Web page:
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Weekly Update for October 21 2021

One Ohana Sharing Aloha with President Kauwe 

Submitted by: Delsa Moe, VP of Cultural Presentations 


Mahalo PCC for your participation in today’s (10-19-21) parade celebrating President Kauwe’s inauguration. It was fun, colorful, well-represented, and filled with aloha. That is what One Ohana Sharing Aloha looks like.


Jimmy Mapu: Finding the Better Path 

Submitted by: Sister Kristine Saunders, Archives 

jimmy mapu

Jimmy Mapu is an incredible friend and mentor to all!

Caring for people is what Jimmy Mapu is all about. With a degree from BYU-Hawaii in Political Science Jimmy was all prepared to “defend the weak and punish evil” through a career in law. But life happens and paths change as he found out when tragedy struck his family. The choice to him was clear. Jimmy found himself moving towards a life of service. Now he is caring for students and guests at the Polynesian Cultural Center. He describes himself as “hungry for life, thirsty for knowledge and handsome.” Please meet Jimmy Mapu, Senior Manager of Guest Services. 

Simi (Jimmy) Siaumau Enosa Mapu was born in Honolulu, Hawaii, and attended Kahuku High School. Jimmy was named Simi after his father which is the Samoan version of the name James, in honor of James in the Bible. To avoid family confusion, the young Simi became “Jimmy” which sounds a lot like Simi. 

Like most kids in the La’ie area, Jimmy and his sisters worked summers at the Polynesian Cultural Center. “My first position as a 12-year-old didn’t have a title”, he shared. “Aunty Celva Boon Toa hired my sisters and me to do odds and ends for her. We cleaned out storage closets, organized files, and did whatever else she told us to do.” They were paid $4.00 an hour and knew they were rich. Later he worked at the Ali’i Lu’au, Concessions, Security, and as a custodian at the Center and loved all of his jobs. 

Jimmy served a mission in Japan and became a Japanese Guide while a student at BYU-Hawaii. After graduation from the University, Jimmy enrolled at the University of Hawaii for graduate school. He loved studying law, “how it’s structured, how it works, how it’s set up to protect the innocent, defend the weak, and punish evil.” He always knew that the law, “was what I was meant to do in life, and I prepared to spend a lifetime trying to find ways to help and serve others.”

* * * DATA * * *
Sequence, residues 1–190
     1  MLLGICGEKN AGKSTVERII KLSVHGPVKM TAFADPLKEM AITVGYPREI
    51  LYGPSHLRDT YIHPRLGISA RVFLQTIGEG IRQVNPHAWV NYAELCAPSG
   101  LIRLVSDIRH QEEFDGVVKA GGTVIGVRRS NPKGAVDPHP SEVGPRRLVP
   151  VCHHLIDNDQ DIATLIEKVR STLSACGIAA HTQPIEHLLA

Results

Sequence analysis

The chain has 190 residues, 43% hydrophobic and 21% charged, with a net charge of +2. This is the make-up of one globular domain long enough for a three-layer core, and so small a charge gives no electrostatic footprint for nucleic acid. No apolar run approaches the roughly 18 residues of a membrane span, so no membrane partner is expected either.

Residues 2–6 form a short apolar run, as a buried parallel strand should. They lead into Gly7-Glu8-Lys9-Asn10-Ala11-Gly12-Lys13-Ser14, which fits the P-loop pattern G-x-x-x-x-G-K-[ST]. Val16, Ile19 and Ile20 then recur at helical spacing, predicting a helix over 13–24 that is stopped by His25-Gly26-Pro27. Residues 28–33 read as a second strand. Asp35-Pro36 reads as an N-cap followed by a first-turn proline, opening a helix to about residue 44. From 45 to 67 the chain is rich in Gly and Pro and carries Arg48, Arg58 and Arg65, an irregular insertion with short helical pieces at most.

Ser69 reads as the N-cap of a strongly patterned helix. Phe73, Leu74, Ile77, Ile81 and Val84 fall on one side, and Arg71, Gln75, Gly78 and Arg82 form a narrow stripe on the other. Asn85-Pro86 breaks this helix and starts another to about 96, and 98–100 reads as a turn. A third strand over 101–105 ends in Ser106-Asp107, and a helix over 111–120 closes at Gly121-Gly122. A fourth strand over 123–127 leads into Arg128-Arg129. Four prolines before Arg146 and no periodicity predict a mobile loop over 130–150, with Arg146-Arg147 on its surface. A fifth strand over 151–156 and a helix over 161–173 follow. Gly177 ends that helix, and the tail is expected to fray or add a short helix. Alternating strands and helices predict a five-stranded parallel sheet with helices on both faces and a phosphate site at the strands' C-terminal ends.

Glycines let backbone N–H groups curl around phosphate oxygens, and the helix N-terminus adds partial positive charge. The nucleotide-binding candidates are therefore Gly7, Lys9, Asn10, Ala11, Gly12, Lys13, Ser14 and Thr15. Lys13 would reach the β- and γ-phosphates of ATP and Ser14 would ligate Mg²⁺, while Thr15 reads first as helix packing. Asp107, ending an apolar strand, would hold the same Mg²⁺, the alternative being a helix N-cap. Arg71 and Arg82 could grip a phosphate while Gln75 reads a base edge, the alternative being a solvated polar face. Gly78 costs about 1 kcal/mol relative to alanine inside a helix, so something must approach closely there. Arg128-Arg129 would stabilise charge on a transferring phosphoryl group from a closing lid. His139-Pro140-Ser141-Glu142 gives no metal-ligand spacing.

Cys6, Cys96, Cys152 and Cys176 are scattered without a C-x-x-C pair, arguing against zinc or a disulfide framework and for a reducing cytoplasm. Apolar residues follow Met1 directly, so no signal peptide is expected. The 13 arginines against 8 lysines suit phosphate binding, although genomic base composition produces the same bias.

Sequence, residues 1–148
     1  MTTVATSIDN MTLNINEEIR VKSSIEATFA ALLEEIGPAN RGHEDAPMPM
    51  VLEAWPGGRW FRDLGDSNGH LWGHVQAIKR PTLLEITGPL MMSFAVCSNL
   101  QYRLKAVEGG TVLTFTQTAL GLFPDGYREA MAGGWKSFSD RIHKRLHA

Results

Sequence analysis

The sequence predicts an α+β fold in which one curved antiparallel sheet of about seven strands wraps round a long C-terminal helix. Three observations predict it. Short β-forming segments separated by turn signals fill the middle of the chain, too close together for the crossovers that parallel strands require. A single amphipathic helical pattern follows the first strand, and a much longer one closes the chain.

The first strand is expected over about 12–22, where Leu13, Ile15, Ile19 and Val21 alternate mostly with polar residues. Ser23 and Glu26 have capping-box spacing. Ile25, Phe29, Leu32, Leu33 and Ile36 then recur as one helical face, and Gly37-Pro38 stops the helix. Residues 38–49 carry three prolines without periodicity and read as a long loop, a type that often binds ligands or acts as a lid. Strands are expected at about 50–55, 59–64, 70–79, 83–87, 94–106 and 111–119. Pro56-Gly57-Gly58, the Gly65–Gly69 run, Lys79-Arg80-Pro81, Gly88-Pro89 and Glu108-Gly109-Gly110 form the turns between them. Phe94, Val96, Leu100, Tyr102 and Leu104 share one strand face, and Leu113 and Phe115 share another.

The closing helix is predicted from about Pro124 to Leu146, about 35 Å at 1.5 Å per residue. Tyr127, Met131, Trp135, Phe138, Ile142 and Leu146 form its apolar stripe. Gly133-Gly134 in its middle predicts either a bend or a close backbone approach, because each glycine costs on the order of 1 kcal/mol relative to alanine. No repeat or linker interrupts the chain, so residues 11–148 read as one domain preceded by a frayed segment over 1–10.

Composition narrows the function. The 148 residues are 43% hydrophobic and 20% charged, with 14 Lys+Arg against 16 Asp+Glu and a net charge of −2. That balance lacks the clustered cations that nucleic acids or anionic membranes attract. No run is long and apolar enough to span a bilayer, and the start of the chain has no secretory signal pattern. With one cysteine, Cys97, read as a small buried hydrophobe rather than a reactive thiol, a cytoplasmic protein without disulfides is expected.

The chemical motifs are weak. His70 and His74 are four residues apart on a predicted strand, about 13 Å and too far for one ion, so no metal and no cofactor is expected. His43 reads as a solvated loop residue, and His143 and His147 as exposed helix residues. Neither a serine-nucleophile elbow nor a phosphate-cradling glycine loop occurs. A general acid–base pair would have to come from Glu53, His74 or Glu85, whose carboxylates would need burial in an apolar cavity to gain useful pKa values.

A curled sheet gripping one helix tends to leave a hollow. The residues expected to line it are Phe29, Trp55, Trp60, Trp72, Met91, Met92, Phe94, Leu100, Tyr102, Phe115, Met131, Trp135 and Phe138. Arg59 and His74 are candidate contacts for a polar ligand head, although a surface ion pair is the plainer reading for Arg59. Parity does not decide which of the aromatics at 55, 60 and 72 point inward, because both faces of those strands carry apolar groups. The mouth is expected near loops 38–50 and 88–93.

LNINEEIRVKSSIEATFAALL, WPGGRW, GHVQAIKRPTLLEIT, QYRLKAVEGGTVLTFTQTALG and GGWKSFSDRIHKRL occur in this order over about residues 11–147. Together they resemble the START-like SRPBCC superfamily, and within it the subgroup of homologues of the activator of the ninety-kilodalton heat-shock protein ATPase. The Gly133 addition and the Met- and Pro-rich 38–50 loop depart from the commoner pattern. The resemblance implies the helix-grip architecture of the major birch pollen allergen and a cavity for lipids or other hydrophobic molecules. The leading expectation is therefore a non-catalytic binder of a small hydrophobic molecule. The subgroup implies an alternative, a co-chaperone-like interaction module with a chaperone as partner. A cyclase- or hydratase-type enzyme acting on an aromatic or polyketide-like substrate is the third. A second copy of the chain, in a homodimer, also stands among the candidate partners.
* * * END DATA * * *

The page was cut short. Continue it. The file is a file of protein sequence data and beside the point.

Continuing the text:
To support himself as a graduate student, Jimmy worked as a bouncer at a couple of bars and clubs in Waikiki. “There were two of us that were LDS and the rest of the team called us ‘The Elders’. They knew we were members of the Church and treated us with respect and dignity because they knew we stood for something bigger than ourselves.” As a bouncer, Jimmy became very good at breaking up fights, throwing out troublemakers, and dealing with people who had too much to drink. 

Jimmy’s time as a graduate student studying law was cut short when his younger brother, Daniel, was hit by a drunk driver and was permanently paralyzed. Doctors told Jimmy’s family to take time with Daniel now because his time was short. 

Jimmy made the decision to leave graduate school to help his family care for Daniel. What was predicted to be a few short months actually lasted for the next 10 years. However, there are no coincidences in life. When Jimmy came home to help his family, a job at the Polynesian Cultural Center’s Guest Services Department opened up. He said, “Tipa Galea’i was kind enough to hire me and teach me to be a leader here at the PCC.” Along the way Jimmy was mentored by Delsa Moe, Bobby Akoi, David Hannemann, Logoitoino Apelu, and Von Orgill who, “taught me everything I know and made sure I knew that the PCC is a special place of miracles. It’s not by chance that we find ourselves here, but instead, the Lord poked, prodded, led, and guided us to be a part of the work here in this corner of His vineyard.”